1.3 Future review of the guidance might consider evidence from research that includes objective outcome measures such as oesophageal pH, long‑term follow‑up data, comparison with Nissen fundoplication, information about patient selection and further insight into the mechanism of action of the procedure.
2 Indications and current treatments
2.1 GORD is a common problem caused by disturbance of the sphincter function at the lower end of the oesophagus. Symptoms include heartburn, regurgitation, chest pain, nausea, respiratory difficulties and dysphagia. If untreated, complications such as Barrett's oesophagus or oesophageal stricture can develop.
2.2 Lifestyle modification and gastric acidity‑lowering medication can help to improve symptoms. Patients who have refractory symptoms, who develop complications despite medication or who develop intolerance to medication may be considered for anti‑reflux surgery. Most commonly this is laparoscopic fundoplication but alternative endoscopic techniques have also been used.
3 The procedure
3.1 The aim of endoscopic radiofrequency ablation for GORD is to reduce symptoms. It is unclear whether symptom relief is mediated solely by narrowing the gastro-oesophageal junction or by reducing sensitivity to acid reflux by denervation and other mechanisms.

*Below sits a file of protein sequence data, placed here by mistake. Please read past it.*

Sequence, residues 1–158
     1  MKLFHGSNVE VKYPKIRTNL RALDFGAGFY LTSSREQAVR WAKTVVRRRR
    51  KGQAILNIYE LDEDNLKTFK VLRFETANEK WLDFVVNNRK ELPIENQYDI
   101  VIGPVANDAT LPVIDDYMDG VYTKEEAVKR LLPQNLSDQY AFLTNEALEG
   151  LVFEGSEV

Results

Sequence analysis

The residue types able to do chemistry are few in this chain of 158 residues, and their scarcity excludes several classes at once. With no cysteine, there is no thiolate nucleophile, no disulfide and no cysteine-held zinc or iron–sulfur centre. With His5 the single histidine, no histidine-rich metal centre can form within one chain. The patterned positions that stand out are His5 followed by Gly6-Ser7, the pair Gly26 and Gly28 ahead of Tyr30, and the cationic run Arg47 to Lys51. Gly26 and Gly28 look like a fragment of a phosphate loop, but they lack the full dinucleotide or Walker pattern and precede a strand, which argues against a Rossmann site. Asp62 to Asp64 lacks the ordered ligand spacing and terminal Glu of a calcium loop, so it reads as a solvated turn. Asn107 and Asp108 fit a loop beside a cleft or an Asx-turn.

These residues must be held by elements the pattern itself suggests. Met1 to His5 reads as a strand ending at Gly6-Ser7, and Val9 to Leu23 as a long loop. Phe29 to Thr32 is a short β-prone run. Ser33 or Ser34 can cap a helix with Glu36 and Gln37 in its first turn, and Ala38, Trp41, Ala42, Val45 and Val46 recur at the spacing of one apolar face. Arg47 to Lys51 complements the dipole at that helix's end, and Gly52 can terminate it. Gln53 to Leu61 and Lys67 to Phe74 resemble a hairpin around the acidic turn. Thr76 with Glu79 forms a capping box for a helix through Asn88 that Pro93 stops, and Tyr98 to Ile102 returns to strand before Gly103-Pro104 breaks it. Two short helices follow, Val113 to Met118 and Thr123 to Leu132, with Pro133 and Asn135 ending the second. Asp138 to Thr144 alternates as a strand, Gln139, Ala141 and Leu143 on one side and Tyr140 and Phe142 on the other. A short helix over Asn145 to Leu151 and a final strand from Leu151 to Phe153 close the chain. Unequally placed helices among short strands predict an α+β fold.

3.2 The procedure is usually performed with the patient under sedation. The oesophageal diameter is measured endoscopically and a guidewire with a flexible tip is passed through the endoscope and left in the stomach; the endoscope is removed. A specially designed radiofrequency balloon catheter, consisting of an inflatable balloon-basket with 4 electrode needle sheaths, is inserted through the mouth over the guidewire and advanced to the gastro-oesophageal junction. The balloon is inflated to the diameter of the oesophagus and the electrodes are deployed to penetrate through the mucosa and deliver radiofrequency energy to the musculature of the lower oesophageal sphincter and the gastric cardia, creating small lesions. Several cycles of approximately 1 minute of radiofrequency energy are delivered. As the lesions heal, the tissue contracts and thickens, narrowing the oesophageal sphincter.
This section describes efficacy outcomes from the published literature that the Committee considered as part of the evidence about this procedure. For more detailed information on the evidence, see the overview.